“According to a study of empirical data between January 1, 2020 and December 31, 2022, ‘Judge Newman’s deviation from the average productivity and timeliness among the active judges of the Federal Circuit was not statistically significant.’”
U.S. Court of Appeals for the Federal Circuit (CAFC) Judge Pauline Newman yesterday filed a complaint in the United States District Court for the District of Columbia against CAFC Chief Judge Kimberly Moore and Judges Prost and Taranto, as members of the Special Committee of the Judicial Council of the Federal Circuit appointed by Moore to investigate Newman. The complaint called Moore’s March 24 Order characterizing Newman as being unfit to carry out her duties on the court “riddled with errors” and cited 12 counts warranting claims for relief.
IPWatchdog was first to break the news that Moore was seeking to oust Newman under the Judicial Conduct and Disability Act. In response to IPWatchdog’s report, and subsequent reporting by other news outlets, the CAFC issued a statement confirming the information provided by IPWatchdog’s sources and making the previously sealed documents public.
In Moore’s Order, she alleged she has probable cause to believe that Newman is unable to effectively discharge the duties of her office “by reason of mental or physical disability,” citing to 28 U.S.C. 351(a).
According to Newman’s complaint, among Moore’s allegations is that Newman suffered a heart attack and had to undergo coronary stent surgery “during the summer of 2021”. But during that same period (June 2021 through September 2021), Newman’s complaint says, “Judge Newman sat on ten panels and issued at least eight (including majority, concurring, and dissenting) opinions,” which indicates she continued work as usual, and furthermore, “even were the allegation true, having coronary artery disease is simply irrelevant to one’s ability to be able to carry out judicial functions.”
Moore’s Order indicated that Newman’s sittings were reduced as a result of her health problems, but the complaint said that the ten panels on which Newman sat was “more than any other colleague but two.”
Newman’s complaint also said that, after appointing herself chair of the committee investigating her own complaint against Newman, Moore “unconstitutionally and unilaterally removed Circuit Judge Newman from all future sittings of the Court.” Newman has not been assigned to sit on any panels for the May, June, and July 2023 sittings, though repeatedly requesting as much, the complaint said.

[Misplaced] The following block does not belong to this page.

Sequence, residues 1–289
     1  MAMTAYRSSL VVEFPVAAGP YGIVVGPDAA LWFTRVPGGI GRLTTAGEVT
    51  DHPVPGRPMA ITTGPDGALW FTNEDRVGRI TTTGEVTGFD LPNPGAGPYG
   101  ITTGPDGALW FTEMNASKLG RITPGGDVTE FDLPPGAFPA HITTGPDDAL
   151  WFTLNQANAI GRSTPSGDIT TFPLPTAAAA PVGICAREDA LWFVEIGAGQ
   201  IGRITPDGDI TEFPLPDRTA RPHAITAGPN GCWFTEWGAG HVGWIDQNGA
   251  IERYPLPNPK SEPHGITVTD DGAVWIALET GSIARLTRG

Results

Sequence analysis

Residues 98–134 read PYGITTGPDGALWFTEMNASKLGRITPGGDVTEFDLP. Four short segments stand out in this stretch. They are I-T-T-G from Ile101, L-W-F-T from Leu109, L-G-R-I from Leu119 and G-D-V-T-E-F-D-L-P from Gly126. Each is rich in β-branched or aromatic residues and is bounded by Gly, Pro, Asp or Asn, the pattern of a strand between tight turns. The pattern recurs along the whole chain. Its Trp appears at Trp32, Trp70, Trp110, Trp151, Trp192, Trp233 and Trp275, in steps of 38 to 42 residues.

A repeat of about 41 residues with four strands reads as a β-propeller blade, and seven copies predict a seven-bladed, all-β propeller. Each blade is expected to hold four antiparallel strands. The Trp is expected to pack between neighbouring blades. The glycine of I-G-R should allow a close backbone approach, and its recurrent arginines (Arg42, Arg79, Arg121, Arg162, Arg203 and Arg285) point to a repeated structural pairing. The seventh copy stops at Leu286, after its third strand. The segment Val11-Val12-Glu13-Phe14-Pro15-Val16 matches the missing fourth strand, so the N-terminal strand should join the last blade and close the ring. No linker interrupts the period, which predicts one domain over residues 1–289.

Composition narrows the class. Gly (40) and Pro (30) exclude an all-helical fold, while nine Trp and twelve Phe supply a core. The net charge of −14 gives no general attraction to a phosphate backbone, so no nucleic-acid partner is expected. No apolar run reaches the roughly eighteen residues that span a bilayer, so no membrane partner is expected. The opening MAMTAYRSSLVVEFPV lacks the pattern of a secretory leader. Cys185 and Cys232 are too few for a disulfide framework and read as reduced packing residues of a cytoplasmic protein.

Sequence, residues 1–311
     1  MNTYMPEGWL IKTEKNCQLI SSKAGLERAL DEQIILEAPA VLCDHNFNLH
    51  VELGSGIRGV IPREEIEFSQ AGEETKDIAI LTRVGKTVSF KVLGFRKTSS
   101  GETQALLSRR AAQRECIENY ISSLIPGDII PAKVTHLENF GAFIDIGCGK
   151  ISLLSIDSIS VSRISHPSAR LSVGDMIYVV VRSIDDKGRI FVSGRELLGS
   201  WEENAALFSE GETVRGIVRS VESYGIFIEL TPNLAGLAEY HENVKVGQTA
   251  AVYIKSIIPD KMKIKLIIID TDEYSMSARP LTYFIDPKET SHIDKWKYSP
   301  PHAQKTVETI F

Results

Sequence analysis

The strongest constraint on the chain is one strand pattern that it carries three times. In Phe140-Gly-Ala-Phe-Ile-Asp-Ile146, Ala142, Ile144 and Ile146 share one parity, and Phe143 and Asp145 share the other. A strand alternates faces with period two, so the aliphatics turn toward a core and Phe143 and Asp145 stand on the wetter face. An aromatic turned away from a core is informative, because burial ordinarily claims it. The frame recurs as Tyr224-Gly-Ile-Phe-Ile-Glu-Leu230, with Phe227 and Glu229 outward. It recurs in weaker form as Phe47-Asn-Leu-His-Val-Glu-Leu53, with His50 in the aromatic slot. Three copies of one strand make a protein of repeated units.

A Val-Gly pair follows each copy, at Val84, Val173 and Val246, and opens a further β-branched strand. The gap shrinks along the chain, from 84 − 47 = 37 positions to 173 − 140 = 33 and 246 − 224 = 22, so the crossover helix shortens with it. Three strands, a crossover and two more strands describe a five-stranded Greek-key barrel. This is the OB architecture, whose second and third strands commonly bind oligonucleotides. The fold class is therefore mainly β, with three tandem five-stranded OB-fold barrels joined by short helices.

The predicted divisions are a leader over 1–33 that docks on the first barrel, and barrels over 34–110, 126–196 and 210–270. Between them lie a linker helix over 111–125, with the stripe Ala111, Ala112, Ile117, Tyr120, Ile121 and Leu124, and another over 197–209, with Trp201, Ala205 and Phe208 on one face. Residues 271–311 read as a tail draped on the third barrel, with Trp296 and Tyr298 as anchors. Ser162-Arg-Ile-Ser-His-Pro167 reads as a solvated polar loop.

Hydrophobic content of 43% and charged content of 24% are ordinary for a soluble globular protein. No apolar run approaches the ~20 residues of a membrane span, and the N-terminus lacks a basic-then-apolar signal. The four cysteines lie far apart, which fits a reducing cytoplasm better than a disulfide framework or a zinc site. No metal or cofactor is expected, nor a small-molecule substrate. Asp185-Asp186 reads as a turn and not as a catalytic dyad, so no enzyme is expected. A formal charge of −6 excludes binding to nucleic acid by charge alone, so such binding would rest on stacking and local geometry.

In April, Newman’s complaint said, Moore, in “a new and virtually unprecedented order,” expanded the scope of the investigation to include questions of the internal operations of Newman’s chambers. The special committee also demanded that Newman “submit to neurological and neuropsychological examinations before physicians of the special committee’s choosing,” giving her three days to comply with the request. When Newman did not comply, Moore identified further misconduct and again expanded the scope of the investigation.
The complaint also said that the committee ordered Newman to produce private medical records that are irrelevant to the inquiry and constitute an invasion of privacy; that Moore assigned Newman’s paralegal/ assistant to another office, leaving her short-staffed and refusing to allow her to hire anyone else; that a May 3 order issued by Moore essentially constituted a “gag order” threatening Newman and her counsel with sanctions should they publicize the investigation; and that the special committee denied Newman’s request to transfer the investigation to another circuit.
In the meantime, according to the complaint, Newman has been issuing opinions and dissents in previous cases, including Roku v. Universal Electrics and SAS Inst. v. World Programming Ltd. The complaint also included an exhibit featuring an empirical study that allegedly shows that, between January 1, 2020 and December 31, 2022, “Judge Newman’s deviation from the average productivity and timeliness among the active judges of the Federal Circuit was not statistically significant” and that “there has been no difference in Judge Newman’s timeliness or productivity between 2020 and late 2022.”
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